On the second enjoyably hot and sunny morning in Xiamen, I visited Nanputuo Temple (“nan” meaning south) situated at the foot of Wulaofeng (Mountain of Five Old Men) facing the sea. It’s one of the most famous Buddhist temples in China, founded in the Tang Dynasty, with over 1000 years of history containing three main halls and one pavilion (some being more recent additions).
Outside the temple is an equally beautiful lotus pond which at this time year was covered in water lilies and teeming with various fish and more than a few turtles. The temple and its grounds were also, unfortunately, swarming with people who evidently had had the same idea of how to enjoy the nice day but nevertheless, there was still room to enjoy it all. With an entrance fee of only 3 RMB, it’s very cheap.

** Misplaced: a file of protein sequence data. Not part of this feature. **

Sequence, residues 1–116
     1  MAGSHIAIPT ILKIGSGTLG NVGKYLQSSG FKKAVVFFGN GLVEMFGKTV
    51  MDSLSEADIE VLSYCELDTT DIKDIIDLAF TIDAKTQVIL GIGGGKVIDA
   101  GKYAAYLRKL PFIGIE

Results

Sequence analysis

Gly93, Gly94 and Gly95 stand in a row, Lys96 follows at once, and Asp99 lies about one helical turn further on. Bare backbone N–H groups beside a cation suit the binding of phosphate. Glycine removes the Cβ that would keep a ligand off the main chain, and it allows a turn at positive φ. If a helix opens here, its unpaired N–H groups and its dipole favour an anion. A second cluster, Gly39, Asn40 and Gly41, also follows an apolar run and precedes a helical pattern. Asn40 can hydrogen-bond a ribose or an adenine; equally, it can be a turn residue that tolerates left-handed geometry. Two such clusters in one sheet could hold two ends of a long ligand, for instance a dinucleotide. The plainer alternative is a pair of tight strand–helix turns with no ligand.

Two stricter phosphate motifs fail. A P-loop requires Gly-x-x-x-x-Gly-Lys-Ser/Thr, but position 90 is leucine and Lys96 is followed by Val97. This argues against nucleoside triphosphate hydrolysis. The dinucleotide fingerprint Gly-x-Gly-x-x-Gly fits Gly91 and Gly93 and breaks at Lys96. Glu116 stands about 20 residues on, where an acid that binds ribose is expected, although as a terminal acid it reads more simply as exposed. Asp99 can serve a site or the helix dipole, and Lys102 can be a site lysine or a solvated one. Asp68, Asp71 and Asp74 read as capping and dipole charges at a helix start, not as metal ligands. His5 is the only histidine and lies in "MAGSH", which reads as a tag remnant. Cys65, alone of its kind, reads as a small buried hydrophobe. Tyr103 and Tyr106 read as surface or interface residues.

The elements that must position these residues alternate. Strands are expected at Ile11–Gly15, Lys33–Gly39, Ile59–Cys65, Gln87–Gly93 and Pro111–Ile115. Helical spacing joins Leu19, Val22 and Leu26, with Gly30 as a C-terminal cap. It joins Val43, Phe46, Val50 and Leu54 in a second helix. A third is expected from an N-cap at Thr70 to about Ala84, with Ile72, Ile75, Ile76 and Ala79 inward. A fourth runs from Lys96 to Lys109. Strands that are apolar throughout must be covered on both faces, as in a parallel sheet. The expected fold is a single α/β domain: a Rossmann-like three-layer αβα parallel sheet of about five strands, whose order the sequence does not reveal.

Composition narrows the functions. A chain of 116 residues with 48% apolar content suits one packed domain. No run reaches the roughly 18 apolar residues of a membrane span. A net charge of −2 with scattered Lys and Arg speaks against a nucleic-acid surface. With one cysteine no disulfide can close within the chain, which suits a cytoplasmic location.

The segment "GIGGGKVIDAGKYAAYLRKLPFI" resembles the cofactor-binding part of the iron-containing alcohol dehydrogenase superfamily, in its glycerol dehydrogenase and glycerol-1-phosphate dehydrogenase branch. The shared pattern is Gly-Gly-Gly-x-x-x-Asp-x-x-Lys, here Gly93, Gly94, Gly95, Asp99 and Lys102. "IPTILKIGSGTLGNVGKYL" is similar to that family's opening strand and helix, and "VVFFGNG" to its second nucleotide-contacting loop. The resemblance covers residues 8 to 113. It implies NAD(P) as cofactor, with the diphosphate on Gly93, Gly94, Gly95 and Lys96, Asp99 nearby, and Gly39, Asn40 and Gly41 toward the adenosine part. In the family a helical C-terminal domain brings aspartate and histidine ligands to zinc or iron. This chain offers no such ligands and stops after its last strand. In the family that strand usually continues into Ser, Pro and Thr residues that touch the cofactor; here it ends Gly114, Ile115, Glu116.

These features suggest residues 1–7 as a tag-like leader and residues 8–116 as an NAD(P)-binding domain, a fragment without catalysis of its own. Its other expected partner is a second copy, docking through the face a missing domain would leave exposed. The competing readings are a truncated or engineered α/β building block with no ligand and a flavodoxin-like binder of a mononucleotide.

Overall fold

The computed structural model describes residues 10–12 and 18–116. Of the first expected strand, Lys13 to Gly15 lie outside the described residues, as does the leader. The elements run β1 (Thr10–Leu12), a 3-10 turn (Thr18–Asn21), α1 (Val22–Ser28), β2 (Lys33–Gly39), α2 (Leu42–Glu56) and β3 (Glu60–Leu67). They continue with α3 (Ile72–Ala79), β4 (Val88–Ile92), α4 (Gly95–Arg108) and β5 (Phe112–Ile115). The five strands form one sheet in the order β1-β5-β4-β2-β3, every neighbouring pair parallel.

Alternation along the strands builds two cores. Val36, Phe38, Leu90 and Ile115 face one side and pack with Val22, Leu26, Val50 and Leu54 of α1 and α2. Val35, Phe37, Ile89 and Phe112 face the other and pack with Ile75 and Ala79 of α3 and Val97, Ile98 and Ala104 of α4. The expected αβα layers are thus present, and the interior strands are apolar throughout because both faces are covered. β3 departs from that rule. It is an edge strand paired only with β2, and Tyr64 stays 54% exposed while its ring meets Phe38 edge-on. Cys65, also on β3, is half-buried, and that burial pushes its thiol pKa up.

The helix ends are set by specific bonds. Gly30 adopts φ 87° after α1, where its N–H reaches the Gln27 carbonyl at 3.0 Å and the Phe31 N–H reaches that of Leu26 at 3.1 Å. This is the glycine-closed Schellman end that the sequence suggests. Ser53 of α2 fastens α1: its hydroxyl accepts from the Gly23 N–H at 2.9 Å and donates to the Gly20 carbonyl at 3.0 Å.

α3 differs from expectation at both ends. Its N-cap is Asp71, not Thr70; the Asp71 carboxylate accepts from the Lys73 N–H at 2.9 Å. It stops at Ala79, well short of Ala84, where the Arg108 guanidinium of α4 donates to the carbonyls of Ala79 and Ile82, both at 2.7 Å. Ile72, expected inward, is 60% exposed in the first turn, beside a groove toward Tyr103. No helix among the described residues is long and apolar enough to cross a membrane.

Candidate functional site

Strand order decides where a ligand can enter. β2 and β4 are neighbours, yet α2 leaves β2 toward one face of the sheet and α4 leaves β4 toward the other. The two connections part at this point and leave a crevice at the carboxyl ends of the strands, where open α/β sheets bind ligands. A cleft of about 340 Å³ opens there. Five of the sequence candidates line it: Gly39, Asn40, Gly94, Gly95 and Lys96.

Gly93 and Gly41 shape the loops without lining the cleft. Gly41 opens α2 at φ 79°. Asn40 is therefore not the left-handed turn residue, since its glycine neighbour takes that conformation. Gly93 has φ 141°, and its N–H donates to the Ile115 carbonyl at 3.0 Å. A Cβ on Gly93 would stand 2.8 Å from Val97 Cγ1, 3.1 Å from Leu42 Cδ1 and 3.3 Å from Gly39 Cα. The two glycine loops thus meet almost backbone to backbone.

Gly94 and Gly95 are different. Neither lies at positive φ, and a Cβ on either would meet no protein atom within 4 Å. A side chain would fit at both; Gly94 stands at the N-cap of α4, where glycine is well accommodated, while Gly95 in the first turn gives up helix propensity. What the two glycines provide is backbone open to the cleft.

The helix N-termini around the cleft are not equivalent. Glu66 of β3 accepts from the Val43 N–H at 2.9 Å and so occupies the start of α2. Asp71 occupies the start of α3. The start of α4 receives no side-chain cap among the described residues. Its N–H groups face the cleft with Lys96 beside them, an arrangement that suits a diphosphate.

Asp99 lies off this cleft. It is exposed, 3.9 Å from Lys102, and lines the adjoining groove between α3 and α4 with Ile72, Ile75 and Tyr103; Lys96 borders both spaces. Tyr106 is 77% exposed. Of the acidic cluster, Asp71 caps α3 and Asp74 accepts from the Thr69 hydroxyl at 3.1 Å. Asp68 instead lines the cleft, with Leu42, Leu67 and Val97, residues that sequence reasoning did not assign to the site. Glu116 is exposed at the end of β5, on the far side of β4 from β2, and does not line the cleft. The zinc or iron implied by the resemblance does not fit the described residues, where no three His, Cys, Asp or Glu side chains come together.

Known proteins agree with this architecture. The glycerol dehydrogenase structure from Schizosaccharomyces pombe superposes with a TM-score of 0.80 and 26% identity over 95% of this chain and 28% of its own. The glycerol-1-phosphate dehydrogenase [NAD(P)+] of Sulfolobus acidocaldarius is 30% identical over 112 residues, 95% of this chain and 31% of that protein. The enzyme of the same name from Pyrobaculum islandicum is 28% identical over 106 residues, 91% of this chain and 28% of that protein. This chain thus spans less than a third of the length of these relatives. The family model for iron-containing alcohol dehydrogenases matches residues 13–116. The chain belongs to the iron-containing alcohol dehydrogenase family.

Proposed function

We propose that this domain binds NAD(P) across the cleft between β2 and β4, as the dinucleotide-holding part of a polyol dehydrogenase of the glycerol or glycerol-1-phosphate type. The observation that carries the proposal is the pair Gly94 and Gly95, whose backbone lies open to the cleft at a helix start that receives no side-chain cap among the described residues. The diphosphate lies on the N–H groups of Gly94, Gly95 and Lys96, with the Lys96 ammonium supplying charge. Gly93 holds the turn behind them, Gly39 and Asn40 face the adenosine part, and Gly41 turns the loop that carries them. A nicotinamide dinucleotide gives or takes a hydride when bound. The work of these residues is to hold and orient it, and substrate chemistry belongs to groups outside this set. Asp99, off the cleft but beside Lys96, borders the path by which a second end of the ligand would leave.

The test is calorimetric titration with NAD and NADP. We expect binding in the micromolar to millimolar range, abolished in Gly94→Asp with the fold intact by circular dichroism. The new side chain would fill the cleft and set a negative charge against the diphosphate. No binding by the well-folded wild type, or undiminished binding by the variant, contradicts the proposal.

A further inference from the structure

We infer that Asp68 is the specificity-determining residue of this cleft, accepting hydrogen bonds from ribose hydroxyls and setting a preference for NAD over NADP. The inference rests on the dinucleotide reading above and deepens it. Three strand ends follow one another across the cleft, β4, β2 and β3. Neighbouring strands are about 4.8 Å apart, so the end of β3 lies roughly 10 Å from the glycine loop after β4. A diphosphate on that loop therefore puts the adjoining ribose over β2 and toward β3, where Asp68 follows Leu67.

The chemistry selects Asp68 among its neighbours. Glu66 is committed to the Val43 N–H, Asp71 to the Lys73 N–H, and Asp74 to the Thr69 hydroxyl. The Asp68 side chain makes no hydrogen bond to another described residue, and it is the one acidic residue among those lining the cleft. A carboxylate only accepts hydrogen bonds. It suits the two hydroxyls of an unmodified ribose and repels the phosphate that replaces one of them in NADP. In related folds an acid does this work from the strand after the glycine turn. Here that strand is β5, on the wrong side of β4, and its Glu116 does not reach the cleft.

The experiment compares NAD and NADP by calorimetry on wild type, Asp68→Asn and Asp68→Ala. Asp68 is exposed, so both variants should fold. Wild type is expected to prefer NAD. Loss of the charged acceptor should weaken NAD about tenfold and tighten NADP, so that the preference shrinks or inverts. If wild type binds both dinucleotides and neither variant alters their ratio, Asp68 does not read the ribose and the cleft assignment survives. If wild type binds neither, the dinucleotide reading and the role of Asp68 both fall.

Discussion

The temple is home to over 100 monks who live and study here. They only eat vegetarian food and apparently get up at 4.30 am each morning to chant which is supposed to purify their minds. You’ll notice that whenever I visit temples I never take any photos inside of the halls which usually contain statues of Buddha which you are forbidden to photograph. Buddhists believe that Buddha is one who has attained enlightenment (Nirvana) thereby escaping the cycle of suffering and rebirth.
Above is a wooden carving of a fish with a dragons head, hence being called a “dragon fish”. I’m not sure if it has any other meaning but looks cool!
As you walk through the temple you are also ascending the mountainside and can see many characters carved into the rocks painted a deep red. In the garden area, we brought some very delicious cakes which are a local delicacy made with a green bean filling to give a sweet taste.
It only takes about half an hour to view the whole temple, more if you want to climb to the top of the mountain and is right next to Xiamen University which is also worth a look.